Merrill was accused of not being open about the extent of its exposure to the subprime lending housing market and concealing it through off-balance sheet devices. In October 2007, Merrill reported its investment in the subprime market as $15 billion. Only three months later, it revealed that the figure was closer to $46 billion. [46] When the scale of Merrill Lynch’s losses became known, Bank of America was able to convince the Treasury Department to provide an additional $20 billion in bailout funds, for its takeover to proceed. Yet, weeks before the deal went through, Merrill had given out $3.6 billion in bonuses ahead of schedule. Four top executives alone received $121 million dollars. According to New York Attorney General Andrew Cuomo:

“One disturbing question that must be answered is whether Merrill Lynch and Bank of America timed the bonuses in such a way as to force taxpayers to pay for them through the deal funding.”[47]

The Wall Street Journal reported that Bank of America had a private bonus agreement with Merrill that allowed for bonus payments of $5.8 billion.[48] Cuomo filed fraud charges against the bank, for not revealing to its shareholders the extent of Merrill Lynch losses and for misleading the government in order to get the additional $20 billion dollars. He called the bank's behavior “just egregious and reprehensible." [49] The Securities and Exchange Commission (SEC) sued Bank of America for not disclosing to its shareholders the extent of Merrill Lynch’s losses and the $3.6 billion accelerated payment of bonuses, before they voted on the acquisition. District court Judge Jed Rakoff refused to approve the original $33 million settlement agreed to by the SEC and Bank of America. He reluctantly approved it only after the penalty was increased to $150 million. In reviewing the settlement, he harshly criticized the SEC for being too lenient, that the punishment was “"half-baked justice at best.” Judge Rakoff expressed concern that the SEC settlement was unlikely to dissuade other corporate executives from doing the same thing, since the settlement involved was:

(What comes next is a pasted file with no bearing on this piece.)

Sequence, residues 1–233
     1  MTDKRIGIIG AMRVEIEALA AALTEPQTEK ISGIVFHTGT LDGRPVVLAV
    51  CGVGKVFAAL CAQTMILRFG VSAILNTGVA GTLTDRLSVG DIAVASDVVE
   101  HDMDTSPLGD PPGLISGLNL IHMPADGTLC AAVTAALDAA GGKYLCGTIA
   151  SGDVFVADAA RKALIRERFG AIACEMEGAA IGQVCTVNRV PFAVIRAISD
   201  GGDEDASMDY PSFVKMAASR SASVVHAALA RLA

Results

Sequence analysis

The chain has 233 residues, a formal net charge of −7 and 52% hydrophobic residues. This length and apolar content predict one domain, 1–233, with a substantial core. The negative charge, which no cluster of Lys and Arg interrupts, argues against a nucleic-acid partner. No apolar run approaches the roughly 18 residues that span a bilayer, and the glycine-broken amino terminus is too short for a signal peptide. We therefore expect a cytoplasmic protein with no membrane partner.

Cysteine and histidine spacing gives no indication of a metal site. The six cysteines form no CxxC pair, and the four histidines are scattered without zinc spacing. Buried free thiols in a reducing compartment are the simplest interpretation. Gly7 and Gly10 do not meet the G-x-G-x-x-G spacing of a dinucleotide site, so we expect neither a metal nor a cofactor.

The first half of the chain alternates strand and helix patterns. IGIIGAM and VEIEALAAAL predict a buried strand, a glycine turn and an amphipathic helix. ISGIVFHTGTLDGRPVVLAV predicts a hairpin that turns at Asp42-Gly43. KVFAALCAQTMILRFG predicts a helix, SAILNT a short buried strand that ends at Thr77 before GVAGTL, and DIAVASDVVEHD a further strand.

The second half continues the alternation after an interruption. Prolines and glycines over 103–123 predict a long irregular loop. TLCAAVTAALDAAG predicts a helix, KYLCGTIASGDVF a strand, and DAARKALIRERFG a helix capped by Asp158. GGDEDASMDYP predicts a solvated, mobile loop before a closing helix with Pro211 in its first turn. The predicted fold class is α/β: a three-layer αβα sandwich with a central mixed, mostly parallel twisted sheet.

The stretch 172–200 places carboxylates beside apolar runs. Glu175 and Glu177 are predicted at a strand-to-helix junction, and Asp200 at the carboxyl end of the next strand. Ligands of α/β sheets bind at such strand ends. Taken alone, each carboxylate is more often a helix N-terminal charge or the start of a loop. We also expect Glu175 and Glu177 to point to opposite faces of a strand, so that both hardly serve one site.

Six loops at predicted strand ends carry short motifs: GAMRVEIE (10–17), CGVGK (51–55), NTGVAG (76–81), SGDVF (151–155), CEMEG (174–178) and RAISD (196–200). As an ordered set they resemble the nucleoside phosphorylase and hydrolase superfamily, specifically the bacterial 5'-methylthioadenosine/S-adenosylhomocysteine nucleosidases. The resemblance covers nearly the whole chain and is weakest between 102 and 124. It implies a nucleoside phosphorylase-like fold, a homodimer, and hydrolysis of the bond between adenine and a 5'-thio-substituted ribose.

"very modest punitive, compensatory, and remedial measures that are neither directed at the specific individuals responsible for the nondisclosures nor appear likely to have more than a very modest impact on corporate practices or victim compensation.” The judge stated that the settlement "penalizes the shareholders for what was, in effect if not in intent, a fraud by management on the shareholders."[50]

Merrill Lynch and investment bank leverage

In 1975, the SEC’s trading and markets division ruled that investment banks must maintain a debt-to-net capital ratio of less than 12 to 1. In 2004, following extensive lobbying by the investment banks, the SEC, under chairman Christopher Cox, authorized five investment banks to develop their own net capital requirements. This enabled investment banks to push borrowing ratios to as high as 40 to 1.[51] The five investment banks were Goldman Sachs, Morgan Stanley, Lehman Brothers, Bear Stearns, and Merrill Lynch. This very high debt-to-reserves helped lead to the financial crisis of 2008 by weakening the ability of these institutions to recover from losses from risky CDO and CDS.[52][53]

According to Lee A. Pickard, Director of the SEC’s Division of Market Regulation when the 1975 12-1 rule was ordered:

"The SEC modification in 2004 is the primary reason for all of the losses that have occurred."[54]

At the time of its purchase by Bank of America, Merrill Lynch was leveraged at a ratio of 35.5 to 1.[55]

Profiting from AIG bailout